WJC President Ronald Lauder honors former Sec. of State Colin Powell with Theodor Herzl Award
Thu, 09 Nov 2017
NEW YORK – Former Secretary of State General Colin Powell was honored Wednesday with the World Jewish Congress’ annual Theodor Herzl Award, which recognizes outstanding individuals who work to promote Herzl’s vision of a strong Israel and a safer world for Jews and all people. The WJC also honored legendary film director George Stevens on Wednesday posthumously with the Teddy Kollek Award for the Advancement of Jewish Culture.
In presenting the Theodor Herzl Award, World Jewish Congress President Ronald S. Lauder thanked Powell for his years of service to his country in the military and as secretary of state, and described him as “a man whose leadership, integrity and commitment to fairness for all people inspires us today. General Powell has been a lifelong friend of the Jewish people…. Colin Powell may not be Jewish, but he has a Jewish soul.”
General Powell said: “I am deeply honored to receive the Theodor Herzl Award. I am pleased to join the ranks of the distinguished previous awardees and am especially pleased to receive an award named after the father of Zionism and the founder of the State of Israel,” Powell said. Evoking former President Harry Truman’s decision in 1948 to scribble in pen ‘State of Israel’ over the words ‘new Jewish state’ in his official recognition, Powell added: “The vision and prophecy of Theodor Herzl has become real so many years after his death, and America’s dedication, America’s alliance, and America’s support of the democratic state of Israel has never wavered and it never will.”
Powell also spoke of the need to attain peace and security for Israel and the Palestinians, a pursuit that he said must not be abandoned and which “can only be attained by the parties themselves. The pursuit is not helped by international actions and resolutions singling out Israel for economic attacks, or human rights allegations while ignoring despotic nations far more deserving of condemnation. That is not justice and that is not acceptable.”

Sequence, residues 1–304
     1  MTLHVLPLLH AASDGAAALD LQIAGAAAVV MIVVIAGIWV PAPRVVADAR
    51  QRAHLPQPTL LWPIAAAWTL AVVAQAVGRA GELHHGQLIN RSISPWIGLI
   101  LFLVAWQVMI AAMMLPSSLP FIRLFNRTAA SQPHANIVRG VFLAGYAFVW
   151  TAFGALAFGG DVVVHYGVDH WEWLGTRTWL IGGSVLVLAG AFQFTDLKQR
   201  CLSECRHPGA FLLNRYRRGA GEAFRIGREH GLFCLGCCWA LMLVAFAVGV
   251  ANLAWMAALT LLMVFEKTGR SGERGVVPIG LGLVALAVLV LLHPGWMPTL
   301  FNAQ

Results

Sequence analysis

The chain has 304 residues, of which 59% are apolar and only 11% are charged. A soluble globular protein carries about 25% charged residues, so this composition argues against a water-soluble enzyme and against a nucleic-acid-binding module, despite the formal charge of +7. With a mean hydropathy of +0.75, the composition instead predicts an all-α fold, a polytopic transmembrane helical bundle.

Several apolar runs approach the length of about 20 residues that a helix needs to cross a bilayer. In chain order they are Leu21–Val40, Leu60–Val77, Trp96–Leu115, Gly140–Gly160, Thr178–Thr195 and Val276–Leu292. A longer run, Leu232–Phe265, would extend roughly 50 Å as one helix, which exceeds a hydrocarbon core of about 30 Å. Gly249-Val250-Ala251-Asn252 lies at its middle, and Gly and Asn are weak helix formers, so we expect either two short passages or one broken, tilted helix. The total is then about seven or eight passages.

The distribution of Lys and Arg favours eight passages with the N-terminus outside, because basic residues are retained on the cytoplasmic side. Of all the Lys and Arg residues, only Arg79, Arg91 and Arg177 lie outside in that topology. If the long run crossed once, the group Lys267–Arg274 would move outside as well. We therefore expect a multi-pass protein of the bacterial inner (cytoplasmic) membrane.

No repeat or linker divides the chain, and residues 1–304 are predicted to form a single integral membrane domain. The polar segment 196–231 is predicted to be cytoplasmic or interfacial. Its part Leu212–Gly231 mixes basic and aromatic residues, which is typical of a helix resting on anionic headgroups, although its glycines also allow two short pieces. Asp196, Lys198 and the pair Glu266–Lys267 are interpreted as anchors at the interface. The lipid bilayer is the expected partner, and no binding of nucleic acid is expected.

General Colin Powell served in the US Army for 35 years, rising to the rank of Four-Star General, and went on to hold senior military and diplomatic positions in four presidential administrations: From 1987–1989, Powell served as President Ronald Reagan’s National Security Advisor, and from 1989–1993 served as Chairman of the Joint Chiefs of Staff for both President George H.W. Bush and for President Bill Clinton – the first African American ever to hold this position. Under President George W. Bush, Powell was appointed the 65th Secretary of State.
Previous recipients of the Theodor Herzl Award include former US Vice President Joseph Biden, Israeli President Shimon Peres, Elie and Marion Wiesel, former secretaries of state Henry A. Kissinger and George P. Shultz, and, posthumously, Ronald Reagan and Axel Springer.
WJC honors late film director George Stevens with Teddy Kollek Award
George Stevens, Jr., a noted filmmaker himself, accepted the Teddy Kollek Award on his father’s behalf, and described the experience of traveling to Europe together in 1957 to prepare ‘The Diary of Anne Frank,’ one of the first Hollywood film to deal with the Holocaust.
“I know that were my father here today, he would consider himself a voice in the chorus of the World Jewish Congress. He, like you, was determined to preserve the memory of the Holocaust and the millions who died, and he believed at his core in tolerance, human decency and justice. I accept this award with what I know would be George Stevens’ embrace of the noble and urgent goals of the World Jewish Congress.
The senior George Stevens is best known for what is often called his ‘American trilogy’ which earned him two Academy Awards – A Place in the Sun (1951), Shane (1953) and Giant (1956), but his work spans comedies, romance, musicals, and drama.
During his army service in WWII, Stevens headed combat motion picture photography for General Eisenhower, capturing memorable images of D-Day, the advance through Normandy, the Liberation of Paris, the Battle of the Bulge and the discovery of the concentration camps at Nordhausen and Dachau, and prepared two films as evidence for the war crimes trials at Nuremberg. Goerge Stevens, Jr., himself an Oscar winner, is a producer, director, and playwright and the recipient of 17 Emmys and 2 Peabody Awards.
The inaugural Teddy Kollek Award was presented in 2016 to actor Kirk Douglas.
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